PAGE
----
While I was back in South Dakota I took a run up to Oahe Dam just outside of Pierre SD. It’s the largest of six reservoirs on the Missouri River. Way back in June water levels on all the dams were at full pool and threatening to overflow emergency spillways.

Snowmelt from record snow levels in the Rocky Mountains and heavy rains in many of the areas draining into the Missouri combined to create a 500 year flood.

The Corp of Engineers, which is responsible for the operation of the dams started releasing water from all the reservoirs in an effort keep the levels in check. They delayed the historic releases to allow downstream residents to prepare with levees, sandbagging and dike reinforcement.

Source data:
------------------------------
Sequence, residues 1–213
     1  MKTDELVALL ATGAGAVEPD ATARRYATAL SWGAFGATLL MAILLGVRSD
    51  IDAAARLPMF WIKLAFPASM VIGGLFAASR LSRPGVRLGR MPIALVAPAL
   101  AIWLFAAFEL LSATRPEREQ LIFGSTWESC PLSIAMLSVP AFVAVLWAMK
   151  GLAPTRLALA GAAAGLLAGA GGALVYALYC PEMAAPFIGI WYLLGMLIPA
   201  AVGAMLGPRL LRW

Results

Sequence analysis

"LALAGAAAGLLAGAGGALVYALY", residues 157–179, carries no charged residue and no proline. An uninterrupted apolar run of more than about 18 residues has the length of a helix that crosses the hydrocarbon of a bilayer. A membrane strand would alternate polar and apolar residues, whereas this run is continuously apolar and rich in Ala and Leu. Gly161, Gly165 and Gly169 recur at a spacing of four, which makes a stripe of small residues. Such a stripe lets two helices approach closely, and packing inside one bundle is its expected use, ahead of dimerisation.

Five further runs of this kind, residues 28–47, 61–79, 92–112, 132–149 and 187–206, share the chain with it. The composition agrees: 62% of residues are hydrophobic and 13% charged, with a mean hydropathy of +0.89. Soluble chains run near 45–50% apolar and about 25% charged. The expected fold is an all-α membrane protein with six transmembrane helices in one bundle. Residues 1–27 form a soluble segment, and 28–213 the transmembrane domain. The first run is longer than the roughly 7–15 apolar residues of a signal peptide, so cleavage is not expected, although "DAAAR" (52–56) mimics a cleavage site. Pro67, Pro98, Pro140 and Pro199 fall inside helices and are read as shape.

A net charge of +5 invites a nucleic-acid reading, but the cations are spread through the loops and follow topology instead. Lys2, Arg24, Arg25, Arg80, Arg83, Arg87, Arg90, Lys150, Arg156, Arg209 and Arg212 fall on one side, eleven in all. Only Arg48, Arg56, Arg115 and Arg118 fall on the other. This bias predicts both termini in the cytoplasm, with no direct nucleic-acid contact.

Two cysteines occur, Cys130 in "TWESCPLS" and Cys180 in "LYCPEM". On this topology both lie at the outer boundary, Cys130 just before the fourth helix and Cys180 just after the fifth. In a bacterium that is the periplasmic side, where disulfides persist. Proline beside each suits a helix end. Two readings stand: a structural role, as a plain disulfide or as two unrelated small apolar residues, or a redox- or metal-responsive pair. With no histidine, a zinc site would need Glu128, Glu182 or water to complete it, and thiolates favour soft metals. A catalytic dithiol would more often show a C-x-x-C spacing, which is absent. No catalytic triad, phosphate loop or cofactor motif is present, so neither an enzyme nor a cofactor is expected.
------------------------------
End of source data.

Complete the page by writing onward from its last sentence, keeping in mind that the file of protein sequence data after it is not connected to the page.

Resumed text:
When the releases were at their peak about 220,000 cubic feet per second, that’s roughly 1.3 million gallons per second, were flowing out of six tubes at the base of Oahe Dam. I took this series of three photos to illustrate the size and power of a flow of water of that magnitude. I estimated the tube to be about 16 feet in diameter.

The releases are slowly being reduced now back to normal levels, somewhere around 35,000 cfs. Officials estimate it will be sometime in September before river levels as far south as St. Jo Missouri return to normal.